Alaska's welcome has its own kind of warmth

Editor’s note: Running every Tuesday for the next two months, The Daily Illini is featuring a series of columns by Guy Tal, a graduate student who began bicycling across Alaska and Canada on Aug. 2. Guy has previously biked across other parts of the United States, Eastern Europe and Israel. His first two articles ran online.

The Kindness of Strangers

What does it take to create a community?

We’re several hundred miles into our journey, having just bicycled the breathtaking (and bike-breaking!) Denali National Park. The outskirts of the jagged Alaskan range loom large. Gray clouds pile behind them. Alaska, my friends, is a wet state, and the locals treat weather reports like lottery tickets. It’s rained on us for days at a time, and at night, the blinding fog hugs our tent like a tourniquet. With nothing but polyester and fleece separating us from the elements, our moods are in sync with the bleak skies. Two nights ago, a black bear ambled past our tent, made eye contact with Dan and, I suspect, considered eating his jangling bell. The next day, a moose stood protectively between us and her grazing calf as we biked by. In the hills around us Dall sheep munched on their lunch. Today, grizzlies chased ground squirrels off the road beside us. But that’s the Alaska you know from National Geographic. This state’s unsung charm, however, is its people. So let me sing you a tune … There’s Holly who let us crash on her floor, though her house was full, when the rain wouldn’t abate. Dudi who stopped along the highway to let us dry off in his van and play us some melodies. Shanny who treated me to her dinner of seafood alfredo as I stepped into a pub whose kitchen had closed. Shey who let us dry our tents on her lodge deck and warm our feet by her fire. Autumn, who taught me to hula hoop. There’s Talkeetna, an 800 person flash-in-the-pan of a town brimming with ice climbers, gymnasts, artists and circus performers with whom I danced, swapped tales and jammed as though we were old friends, and the four Eskimo women who showed us how to pick fistfuls of wild blueberries in the marshes off the side of the road (breakfast!) and shared their homemade smoked salmon. There’s the nameless barista at the Black Bear coffee shop who is letting me finish this article well after hours as she cleans up. Few people we meet are actually born here, but folks are quick to tell us how many winters they’ve braved, wearing their numbers like badges. I ask them why they come. They say: for love, for family, for the joy of mountains. But to this outsider, it seems that most come to slow down. To escape.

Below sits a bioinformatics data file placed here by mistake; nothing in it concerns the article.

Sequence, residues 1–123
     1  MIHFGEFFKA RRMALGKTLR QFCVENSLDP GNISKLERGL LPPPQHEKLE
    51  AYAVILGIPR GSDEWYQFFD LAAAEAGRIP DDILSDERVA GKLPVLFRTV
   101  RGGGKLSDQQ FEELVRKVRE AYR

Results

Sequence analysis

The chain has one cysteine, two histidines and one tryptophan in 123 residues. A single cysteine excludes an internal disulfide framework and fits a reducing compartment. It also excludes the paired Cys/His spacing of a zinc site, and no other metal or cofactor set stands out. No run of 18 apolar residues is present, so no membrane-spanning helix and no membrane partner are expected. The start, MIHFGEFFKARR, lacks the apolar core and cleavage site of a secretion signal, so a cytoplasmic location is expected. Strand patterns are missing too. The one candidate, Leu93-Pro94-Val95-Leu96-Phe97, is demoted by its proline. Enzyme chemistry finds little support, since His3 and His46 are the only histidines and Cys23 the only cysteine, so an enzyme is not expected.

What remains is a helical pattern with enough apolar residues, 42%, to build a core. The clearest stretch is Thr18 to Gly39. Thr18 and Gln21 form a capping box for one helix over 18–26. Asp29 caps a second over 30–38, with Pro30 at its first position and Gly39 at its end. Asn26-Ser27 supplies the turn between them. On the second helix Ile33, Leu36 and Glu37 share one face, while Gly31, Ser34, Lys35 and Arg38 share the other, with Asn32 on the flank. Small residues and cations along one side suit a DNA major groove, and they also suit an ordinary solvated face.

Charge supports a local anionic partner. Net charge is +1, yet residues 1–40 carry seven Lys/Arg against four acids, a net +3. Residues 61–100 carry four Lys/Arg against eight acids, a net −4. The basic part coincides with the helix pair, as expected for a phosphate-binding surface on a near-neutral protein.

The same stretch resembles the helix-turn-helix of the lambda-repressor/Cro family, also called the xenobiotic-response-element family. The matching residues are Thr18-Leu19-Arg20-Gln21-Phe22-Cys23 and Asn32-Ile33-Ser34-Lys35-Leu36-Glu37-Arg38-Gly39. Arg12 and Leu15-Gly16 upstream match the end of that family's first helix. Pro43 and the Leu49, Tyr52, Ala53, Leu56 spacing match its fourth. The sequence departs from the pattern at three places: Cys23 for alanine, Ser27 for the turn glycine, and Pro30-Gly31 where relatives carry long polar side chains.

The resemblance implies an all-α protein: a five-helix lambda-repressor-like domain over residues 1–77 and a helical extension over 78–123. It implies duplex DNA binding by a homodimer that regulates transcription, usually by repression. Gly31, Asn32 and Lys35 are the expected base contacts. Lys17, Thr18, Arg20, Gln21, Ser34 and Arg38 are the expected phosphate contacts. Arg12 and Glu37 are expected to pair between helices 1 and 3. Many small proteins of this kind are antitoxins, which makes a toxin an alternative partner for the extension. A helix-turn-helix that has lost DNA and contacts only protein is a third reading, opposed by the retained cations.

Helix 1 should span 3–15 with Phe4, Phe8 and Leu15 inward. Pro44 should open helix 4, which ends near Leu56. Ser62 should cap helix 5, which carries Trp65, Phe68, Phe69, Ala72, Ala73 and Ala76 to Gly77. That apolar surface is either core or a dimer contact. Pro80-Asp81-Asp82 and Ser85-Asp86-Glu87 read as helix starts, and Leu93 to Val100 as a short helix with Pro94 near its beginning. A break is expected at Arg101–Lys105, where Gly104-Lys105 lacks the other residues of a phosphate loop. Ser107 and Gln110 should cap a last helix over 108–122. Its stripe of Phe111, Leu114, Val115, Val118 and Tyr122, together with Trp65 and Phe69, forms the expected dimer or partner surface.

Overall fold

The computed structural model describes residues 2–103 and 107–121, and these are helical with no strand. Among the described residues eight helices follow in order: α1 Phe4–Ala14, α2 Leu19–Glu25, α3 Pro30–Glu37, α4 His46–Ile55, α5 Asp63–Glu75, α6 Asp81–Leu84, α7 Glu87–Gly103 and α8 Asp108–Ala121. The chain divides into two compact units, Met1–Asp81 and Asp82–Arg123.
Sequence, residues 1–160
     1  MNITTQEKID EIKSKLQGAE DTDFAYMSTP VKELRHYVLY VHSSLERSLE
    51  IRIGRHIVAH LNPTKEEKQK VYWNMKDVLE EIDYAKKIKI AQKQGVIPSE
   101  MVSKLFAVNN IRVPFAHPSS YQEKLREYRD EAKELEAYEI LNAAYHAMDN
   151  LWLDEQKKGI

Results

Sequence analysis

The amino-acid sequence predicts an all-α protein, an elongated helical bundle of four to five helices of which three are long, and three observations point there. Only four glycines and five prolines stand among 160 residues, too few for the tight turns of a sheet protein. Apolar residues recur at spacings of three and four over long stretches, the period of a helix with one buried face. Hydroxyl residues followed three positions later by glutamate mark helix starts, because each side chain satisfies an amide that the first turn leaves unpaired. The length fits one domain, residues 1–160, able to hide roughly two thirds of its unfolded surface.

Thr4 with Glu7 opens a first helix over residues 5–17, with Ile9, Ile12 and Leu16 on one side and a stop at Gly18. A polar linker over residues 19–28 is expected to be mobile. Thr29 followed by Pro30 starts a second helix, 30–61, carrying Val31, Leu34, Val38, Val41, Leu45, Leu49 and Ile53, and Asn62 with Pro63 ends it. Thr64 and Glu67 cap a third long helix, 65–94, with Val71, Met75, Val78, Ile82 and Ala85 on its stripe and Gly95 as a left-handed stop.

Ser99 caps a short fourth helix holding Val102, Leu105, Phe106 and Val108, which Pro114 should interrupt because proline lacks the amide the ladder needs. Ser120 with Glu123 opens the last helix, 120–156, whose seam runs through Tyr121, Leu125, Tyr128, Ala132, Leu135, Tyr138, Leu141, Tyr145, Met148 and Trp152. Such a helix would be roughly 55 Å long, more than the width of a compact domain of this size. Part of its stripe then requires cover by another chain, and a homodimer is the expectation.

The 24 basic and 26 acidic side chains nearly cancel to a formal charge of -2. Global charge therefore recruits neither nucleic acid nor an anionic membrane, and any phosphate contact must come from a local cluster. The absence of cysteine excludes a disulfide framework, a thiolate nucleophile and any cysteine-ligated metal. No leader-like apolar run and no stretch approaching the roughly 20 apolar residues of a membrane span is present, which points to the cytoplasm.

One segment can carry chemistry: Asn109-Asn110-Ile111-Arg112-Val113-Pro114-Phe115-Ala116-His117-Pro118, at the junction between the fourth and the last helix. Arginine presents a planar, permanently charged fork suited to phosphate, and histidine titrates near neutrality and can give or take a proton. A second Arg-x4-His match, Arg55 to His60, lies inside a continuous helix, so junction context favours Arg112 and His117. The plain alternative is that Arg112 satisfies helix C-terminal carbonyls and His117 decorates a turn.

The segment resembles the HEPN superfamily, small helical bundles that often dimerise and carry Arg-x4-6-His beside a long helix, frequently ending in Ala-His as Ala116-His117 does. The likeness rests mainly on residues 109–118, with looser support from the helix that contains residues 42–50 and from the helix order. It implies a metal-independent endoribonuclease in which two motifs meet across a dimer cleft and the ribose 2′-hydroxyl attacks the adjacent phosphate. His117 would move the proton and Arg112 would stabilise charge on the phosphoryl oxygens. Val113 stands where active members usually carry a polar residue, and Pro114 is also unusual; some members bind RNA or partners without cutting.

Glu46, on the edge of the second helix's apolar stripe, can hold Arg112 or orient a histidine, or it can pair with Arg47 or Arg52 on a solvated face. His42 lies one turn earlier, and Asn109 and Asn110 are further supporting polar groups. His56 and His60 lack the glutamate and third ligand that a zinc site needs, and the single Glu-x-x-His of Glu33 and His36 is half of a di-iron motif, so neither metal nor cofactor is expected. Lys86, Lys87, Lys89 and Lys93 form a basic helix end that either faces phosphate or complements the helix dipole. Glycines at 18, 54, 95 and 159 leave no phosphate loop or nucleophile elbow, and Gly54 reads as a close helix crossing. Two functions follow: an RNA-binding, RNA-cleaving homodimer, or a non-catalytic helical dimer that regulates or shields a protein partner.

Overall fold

For the last few days, the tallest snow-capped peak in North America soared to our west. Congress still calls it McKinley after a dead president, but the locals call it Denali, or “the high one.” An Athabascan legend tells that an old god turned his enemies’ anger into stone, and the largest he named Denali. Since then, others have come to this land of the midnight sun hoping to drop their worries and tensions, like rocks, at the feet of the high one. To escape. To let the primacy of the landscape change them. Thankfully, here no one asks how or why we brave the elements. They know how. They show us.

So here’s what I think: Dim the lights for six months, set the thermostat to -50 F, offer scant hors d’oeuvres and little in the way of entertainment, and the hearty few that come to your party will develop a code. They’ll stick together, help all newcomers. They’ll be ruggedly independent and warm as a hearth.

Welcome to Alaska.

Guy is a graduate student.